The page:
BEIRUT: The security and social situation deteriorated on Wednesday in Tripoli, Lebanon’s second-largest city, where more than half of the population lives in poverty and the city has been left without electricity.
To make things worse, a child on oxygen support died after his machine stopped working and generators were turned off due to the acute shortage of diesel.
“People are angry. They took to the streets, some carrying weapons, and started closing down the shops by force,” an eyewitness told Arab News.
Tripoli’s mayor Riyad Yamaq said on television that “the situation in the city is out of control.”
The Lebanese Army patrolled the streets but stones and chairs were thrown at the soldiers, leading them to respond by firing their weapons into the air.
After calm was partially returned, the protesters moved to the Kadisha Electricity Company located in Tripoli’s Al-Bahsas area.
They stormed the building and forced its employees to supply some regions with electricity.
Mustafa Alloush, vice-president of the Future Movement, who is from Tripoli and practices medicine there, said: “What was expected has started from Tripoli and the social explosion has begun from this city. More will come if nobody intervenes immediately to halt the collapse.”
As the army regained control in Tripoli, the Lebanese Parliament held a session at the UNESCO Palace in Beirut. The area was heavily guarded. This infuriated people who took to social media to insult the Lebanese lawmakers and authorities they blamed for causing the collapse.
The MPs, who were sweating because the air conditioners were not functioning due to the power cut, approved the controversial ration card in the absence of a government capable of making such decisions. In response, the MPs of the Lebanese Forces parliamentary bloc left the hall to express their objection.
The card targets the neediest individuals without determining their final number. However, the number could reach up to 700,000 people, keeping in mind that the World Bank had estimated that more than 50 percent of the Lebanese people are now living in poverty.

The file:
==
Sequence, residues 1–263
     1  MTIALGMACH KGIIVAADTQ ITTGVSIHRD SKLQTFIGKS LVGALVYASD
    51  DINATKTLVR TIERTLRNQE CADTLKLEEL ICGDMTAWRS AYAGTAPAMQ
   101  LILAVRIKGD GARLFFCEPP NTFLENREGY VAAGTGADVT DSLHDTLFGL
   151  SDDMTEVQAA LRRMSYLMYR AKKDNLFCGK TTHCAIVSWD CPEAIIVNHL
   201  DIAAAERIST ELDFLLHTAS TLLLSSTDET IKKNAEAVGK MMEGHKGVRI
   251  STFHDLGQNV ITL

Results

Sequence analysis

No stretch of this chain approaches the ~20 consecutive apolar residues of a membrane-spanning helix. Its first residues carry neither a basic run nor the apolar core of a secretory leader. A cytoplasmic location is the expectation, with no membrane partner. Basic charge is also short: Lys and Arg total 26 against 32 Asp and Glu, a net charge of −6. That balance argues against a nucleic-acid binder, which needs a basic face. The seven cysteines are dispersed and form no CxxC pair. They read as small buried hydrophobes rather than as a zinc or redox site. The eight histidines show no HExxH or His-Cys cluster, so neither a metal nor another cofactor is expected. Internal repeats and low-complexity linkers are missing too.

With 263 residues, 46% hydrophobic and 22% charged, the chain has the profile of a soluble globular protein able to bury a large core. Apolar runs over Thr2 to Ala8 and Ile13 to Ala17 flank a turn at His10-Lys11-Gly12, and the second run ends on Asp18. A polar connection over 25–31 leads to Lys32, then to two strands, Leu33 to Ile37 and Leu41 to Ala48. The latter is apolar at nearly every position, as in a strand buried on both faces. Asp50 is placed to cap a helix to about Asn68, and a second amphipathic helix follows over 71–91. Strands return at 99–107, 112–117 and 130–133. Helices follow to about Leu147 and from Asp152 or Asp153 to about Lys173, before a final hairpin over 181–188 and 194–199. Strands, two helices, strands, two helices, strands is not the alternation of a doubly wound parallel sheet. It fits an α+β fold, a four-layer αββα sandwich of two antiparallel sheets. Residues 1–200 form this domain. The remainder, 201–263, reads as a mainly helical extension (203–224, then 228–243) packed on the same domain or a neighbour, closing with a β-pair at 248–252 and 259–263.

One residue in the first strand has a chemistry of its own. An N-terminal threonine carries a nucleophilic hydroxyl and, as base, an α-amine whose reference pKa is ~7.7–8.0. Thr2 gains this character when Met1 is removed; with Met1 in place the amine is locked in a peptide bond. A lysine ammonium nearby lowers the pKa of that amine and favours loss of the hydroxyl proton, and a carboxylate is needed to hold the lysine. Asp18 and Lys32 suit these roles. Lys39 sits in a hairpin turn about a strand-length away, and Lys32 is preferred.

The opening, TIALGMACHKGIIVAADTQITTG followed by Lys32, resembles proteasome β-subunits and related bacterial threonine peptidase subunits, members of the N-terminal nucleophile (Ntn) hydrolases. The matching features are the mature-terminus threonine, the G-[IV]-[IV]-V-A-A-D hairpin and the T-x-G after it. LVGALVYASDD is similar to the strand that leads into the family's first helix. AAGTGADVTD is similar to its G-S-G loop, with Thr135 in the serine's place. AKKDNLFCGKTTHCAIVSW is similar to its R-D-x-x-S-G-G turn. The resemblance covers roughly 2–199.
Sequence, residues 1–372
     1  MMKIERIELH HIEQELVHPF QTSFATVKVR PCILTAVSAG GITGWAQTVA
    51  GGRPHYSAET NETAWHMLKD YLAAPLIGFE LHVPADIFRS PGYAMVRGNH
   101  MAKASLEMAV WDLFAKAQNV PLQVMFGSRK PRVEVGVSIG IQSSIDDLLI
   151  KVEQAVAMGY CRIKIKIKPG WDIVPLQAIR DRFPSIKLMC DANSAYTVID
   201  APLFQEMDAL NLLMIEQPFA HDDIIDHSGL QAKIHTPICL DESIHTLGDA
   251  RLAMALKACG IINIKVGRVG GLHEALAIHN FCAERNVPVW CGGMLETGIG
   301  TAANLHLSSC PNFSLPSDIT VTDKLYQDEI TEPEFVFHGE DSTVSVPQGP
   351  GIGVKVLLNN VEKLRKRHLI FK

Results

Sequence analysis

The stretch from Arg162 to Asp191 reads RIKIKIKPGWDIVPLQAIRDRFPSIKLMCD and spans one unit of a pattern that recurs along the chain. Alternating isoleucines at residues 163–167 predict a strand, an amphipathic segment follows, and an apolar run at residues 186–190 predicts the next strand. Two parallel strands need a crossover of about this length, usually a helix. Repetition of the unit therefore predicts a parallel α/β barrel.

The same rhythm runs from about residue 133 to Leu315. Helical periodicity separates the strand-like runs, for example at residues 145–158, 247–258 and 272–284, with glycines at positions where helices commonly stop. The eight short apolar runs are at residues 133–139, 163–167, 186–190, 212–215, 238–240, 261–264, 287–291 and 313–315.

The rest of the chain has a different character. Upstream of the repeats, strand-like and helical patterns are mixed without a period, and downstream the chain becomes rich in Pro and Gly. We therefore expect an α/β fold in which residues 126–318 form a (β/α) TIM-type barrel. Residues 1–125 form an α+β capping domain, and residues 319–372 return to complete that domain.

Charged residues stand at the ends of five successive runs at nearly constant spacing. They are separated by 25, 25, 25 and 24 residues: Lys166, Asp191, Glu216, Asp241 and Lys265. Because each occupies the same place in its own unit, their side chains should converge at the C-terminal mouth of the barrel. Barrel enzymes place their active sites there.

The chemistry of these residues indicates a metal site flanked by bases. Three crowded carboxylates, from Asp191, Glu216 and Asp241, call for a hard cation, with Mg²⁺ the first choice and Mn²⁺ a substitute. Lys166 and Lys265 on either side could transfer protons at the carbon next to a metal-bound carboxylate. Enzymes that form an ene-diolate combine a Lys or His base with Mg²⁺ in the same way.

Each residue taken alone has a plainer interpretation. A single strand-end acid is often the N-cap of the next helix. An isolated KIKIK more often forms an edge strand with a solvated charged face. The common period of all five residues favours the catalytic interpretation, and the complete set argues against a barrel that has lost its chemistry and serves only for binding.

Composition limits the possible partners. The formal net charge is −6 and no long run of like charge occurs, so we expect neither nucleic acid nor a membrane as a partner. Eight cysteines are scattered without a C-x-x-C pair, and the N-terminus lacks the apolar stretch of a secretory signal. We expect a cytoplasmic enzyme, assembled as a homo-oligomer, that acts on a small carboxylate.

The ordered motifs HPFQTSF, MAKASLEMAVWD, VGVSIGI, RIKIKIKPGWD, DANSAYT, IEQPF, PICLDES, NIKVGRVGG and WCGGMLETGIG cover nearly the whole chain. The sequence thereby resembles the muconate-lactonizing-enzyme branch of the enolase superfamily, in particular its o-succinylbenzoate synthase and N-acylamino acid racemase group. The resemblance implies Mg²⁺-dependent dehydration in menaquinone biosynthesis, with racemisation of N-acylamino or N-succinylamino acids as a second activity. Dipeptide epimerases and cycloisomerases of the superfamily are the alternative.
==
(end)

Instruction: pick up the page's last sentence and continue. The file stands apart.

During the session, the head of the Free Patriotic Movement (FPM) Gebran Bassil accused “security apparatus, MPs and politicians of being involved in the cross-border smuggling network and operations.”
MP Michel Moussa of the Development and Liberation bloc said the ration card “will be financed from some aid and existing loans that have not been used yet. We are keen not to finance it from the depositors’ funds that are frozen in the banks.”
The Syndicate of Hospitals in Lebanon said in a statement that “a number of hospitals have used the stock of diesel they had, while the rest have quantities that are not enough to cover the next 24 hours.”
In Beirut, a violent knife fight broke out in front of a gas station near Dar Al-Fatwa. The army intervened to stop it.
An explosion of a diesel tank in the town of Al-Khyara in West Bekaa killed a man in his thirties.
In other developments, the Federation of Syndicates of Banks Employees in Lebanon expressed its concern after people launched a call on social media to storm bank branches starting Thursday to protest their inability to access frozen deposits.
It consequently threatened to close the banks if any bank was attacked.
Taxi drivers refused to abide by the decisions of their syndicates as some raised the fare to LBP8,000 ($0.45) instead of LBP4,000 due to the increase in the fuel price that followed the partial lifting of subsidies.
Meanwhile, Bassil took to Twitter to relaunch the provocation campaign against the Prime Minister-designate Saad Hariri, calling on him to “decide whether he wants to form a government or step down.”